U.S. officials already banned from travel in Baghdad.
Despite Sunday’s gun battle in Baghdad in which 20 civilians were killed by Blackwater mercenaries, there are new reports that the Iraqi government may not cancel Blackwater’s contract after all.
No surprise there, because Iraq’s foundering government seems to have been canceled.
Radio Free Iraq reports that the Iraqi Parliament called off its September 18 session because a majority of its members didn’t show up for work. The parent Radio Free Europe/Radio Liberty news service says in today’s roundup:
U.S. officials have already been forbidden to travel outside the Green Zone. Iraqi officials, targeted by insurgents, don’t want to travel either.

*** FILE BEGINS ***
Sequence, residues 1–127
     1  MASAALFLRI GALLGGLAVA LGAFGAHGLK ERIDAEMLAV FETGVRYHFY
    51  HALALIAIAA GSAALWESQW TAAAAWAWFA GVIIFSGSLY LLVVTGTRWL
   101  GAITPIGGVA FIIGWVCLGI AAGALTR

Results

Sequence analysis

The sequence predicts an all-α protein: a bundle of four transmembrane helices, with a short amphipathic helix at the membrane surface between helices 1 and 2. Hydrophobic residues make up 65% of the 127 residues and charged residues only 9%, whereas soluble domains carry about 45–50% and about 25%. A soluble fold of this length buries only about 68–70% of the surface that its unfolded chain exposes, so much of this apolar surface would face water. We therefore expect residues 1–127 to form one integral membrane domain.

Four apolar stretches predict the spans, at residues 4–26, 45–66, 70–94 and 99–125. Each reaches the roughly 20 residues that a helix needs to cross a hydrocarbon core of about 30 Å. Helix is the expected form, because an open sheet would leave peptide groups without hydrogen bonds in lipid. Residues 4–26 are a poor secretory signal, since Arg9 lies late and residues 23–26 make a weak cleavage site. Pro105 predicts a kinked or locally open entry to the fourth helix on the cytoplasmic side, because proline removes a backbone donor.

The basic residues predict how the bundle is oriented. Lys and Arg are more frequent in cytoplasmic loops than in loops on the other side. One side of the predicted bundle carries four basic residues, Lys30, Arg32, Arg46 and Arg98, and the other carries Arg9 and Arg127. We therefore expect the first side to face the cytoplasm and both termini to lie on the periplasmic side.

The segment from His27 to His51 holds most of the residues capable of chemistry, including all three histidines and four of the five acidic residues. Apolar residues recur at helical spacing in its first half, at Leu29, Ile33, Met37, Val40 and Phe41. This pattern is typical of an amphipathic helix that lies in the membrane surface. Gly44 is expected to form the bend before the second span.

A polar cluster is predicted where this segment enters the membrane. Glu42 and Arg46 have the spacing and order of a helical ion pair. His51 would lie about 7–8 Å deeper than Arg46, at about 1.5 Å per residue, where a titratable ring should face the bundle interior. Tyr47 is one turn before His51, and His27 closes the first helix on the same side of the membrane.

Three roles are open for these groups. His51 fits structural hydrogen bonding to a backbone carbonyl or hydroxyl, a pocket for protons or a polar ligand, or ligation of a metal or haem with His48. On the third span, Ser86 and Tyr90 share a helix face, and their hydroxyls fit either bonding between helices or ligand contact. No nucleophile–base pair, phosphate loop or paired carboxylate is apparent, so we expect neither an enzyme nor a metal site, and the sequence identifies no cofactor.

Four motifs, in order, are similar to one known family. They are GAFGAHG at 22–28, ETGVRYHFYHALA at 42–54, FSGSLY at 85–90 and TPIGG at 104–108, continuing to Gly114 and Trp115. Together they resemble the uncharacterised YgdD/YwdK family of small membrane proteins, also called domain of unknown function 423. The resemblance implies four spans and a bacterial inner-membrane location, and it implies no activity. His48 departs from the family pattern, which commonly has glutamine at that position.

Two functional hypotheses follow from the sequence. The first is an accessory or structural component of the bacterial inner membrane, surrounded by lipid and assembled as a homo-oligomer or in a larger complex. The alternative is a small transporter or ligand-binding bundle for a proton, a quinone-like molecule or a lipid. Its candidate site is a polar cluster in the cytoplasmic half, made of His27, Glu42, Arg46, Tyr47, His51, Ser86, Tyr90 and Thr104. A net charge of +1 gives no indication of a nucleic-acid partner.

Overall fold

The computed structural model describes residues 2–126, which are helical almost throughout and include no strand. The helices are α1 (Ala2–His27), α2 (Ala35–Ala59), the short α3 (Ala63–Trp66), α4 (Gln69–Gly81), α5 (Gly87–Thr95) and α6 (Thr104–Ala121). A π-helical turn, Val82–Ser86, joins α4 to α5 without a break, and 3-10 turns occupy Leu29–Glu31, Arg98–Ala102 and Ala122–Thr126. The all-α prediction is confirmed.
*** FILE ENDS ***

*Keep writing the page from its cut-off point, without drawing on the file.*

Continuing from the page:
Bring in more mercenaries! That seems to be the message. Tel Aviv-based Dominic Moran of Zurich’s International Relations and Security Network (ISN) reports today:
Providing a good roundup of U.S. mercenary work, Moran also notes:
The current use of private security contractors in Iraq is unprecedented in scale for a US overseas entanglement, with security companies employing around 48,000 personnel. Most work on limited rotations cycling in and out of the country with the expiry of contracted agreements. The same is true in Afghanistan.
The unprecedented reliance on the services of private security contractors was underlined Tuesday with the US decision to suspend all overland travel by its diplomats and related civilian workers beyond the confines of the Baghdad Green Zone.